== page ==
YL Blog #24: Regions and Its Contestations

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The first plenary session of the Asia-Pacific roundtable, titled Asia Pacific vs. Indo Pacific: rationale, contestation and implications brought into light two fundamental questions of what a region is and why we are experiencing a shift in the terms.

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YL Blog #25: The Advancement of China’s Tech Industry and Their Attitude of Self-Reliance

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For the past 33 years, the Asia Pacific Roundtable (APR) has been a primary convention for policy makers and opinion drivers to engage in meaningful discussions on strategic issues and challenges for the Asia Pacific region. As a first-time attendee, what was most enriching was to learn more from other countries on their perspectives on China in the region and from Chinese scholars on issues like Hong Kong, the trade dispute, and Huawei, China’s top telecommunications equipment company.

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YL Blog #23 – Pragmatism Versus Principles: How Regional Actors Are Navigating the China-U.S. Standoff in the Indo-Pacific

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The 33rd Asian Pacific Roundtable, held 24 to 26 June 2019, was enveloped by two major developments in the region: the start of the U.S.-China trade dispute and the publication of the United States’ Indo-Pacific Strategy, which commits to “sustain American influence in the region to ensure favorable balances of power and safeguard the free and open international order.” With the background of the major power standoff, it was clear that Southeast Asian nations were questioning how to navigate what was often characterized as a binary security choice: side with China or the United States.  However, in reality, the various roundtable discussions at the APR, revealed that few ASEAN countries felt compelled to choose between the U.S. and China. Rather, the question they seemed to be grappling with was how to best utilize the current focus on their region to support their national interests and how to continue engaging with China without being negatively affected.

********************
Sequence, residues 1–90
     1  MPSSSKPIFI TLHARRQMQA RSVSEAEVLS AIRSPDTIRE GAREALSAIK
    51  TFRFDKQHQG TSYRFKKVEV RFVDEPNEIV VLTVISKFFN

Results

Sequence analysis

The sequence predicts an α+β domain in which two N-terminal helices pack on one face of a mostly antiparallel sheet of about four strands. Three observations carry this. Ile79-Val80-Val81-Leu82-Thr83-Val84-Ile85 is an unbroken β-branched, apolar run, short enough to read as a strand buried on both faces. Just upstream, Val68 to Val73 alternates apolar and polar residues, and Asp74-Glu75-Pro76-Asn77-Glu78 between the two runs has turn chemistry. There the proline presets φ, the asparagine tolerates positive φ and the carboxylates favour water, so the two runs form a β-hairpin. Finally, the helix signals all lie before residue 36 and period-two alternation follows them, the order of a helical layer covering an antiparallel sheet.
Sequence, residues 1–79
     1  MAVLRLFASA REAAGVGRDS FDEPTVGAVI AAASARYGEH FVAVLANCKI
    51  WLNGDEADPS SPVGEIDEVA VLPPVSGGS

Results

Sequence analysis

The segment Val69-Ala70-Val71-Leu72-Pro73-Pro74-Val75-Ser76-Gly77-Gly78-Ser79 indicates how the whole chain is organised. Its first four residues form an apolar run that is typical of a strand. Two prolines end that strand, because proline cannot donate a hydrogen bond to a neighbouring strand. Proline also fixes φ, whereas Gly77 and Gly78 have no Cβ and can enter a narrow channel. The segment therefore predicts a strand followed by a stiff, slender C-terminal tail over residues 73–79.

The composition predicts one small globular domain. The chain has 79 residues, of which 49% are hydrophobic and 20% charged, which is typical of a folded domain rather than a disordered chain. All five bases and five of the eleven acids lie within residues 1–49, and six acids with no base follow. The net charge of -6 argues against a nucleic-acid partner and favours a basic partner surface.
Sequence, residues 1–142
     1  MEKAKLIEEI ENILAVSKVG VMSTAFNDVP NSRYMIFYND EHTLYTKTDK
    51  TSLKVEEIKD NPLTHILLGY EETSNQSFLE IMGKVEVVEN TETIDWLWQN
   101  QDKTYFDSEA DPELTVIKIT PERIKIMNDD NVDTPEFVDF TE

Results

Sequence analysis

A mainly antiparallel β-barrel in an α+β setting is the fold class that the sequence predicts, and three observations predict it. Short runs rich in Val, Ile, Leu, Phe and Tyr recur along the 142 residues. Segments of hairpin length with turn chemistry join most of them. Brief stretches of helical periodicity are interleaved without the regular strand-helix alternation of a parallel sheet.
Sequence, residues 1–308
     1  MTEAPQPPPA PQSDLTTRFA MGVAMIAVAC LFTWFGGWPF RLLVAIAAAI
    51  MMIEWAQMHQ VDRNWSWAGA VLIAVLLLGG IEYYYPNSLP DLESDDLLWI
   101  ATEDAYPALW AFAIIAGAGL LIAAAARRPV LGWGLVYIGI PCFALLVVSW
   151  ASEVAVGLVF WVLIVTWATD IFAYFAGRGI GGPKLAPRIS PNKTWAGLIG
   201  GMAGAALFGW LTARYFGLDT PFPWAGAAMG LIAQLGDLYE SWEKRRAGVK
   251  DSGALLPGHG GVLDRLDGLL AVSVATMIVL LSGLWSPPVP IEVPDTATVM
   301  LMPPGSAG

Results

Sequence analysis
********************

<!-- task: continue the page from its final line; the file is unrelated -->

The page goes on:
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YL Blog #22: Managing US-China Strategic Competition by Overcoming the Perception Gap

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In recent years, the U.S.-China relationship has been undermined by their increasing bilateral economic disputes, the strategic and economic tensions between U.S. and China are escalating, which has caused much concerns across the world. In the United States, many political elites share a narrative of disillusionment with China, which believes that the U.S.’s longstanding policy of “engagement” has failed. Meanwhile in China, interpreting bilateral tensions as containment from the United States is a considerable tendency. From 2017, Trump administration has published National Security Strategy, National Defense Strategy and Nuclear Posture Review, collectively articulated China as a strategic competitor, claims the great power competition is return. Since then, the world has witnessed more confrontational interacts between China and the United States. To many observers, whether the United States and China are in competition is no longer a topic to discuss, and the concern that current competition between the two major powers could escalate into a comprehensive confrontation seems not impossible.

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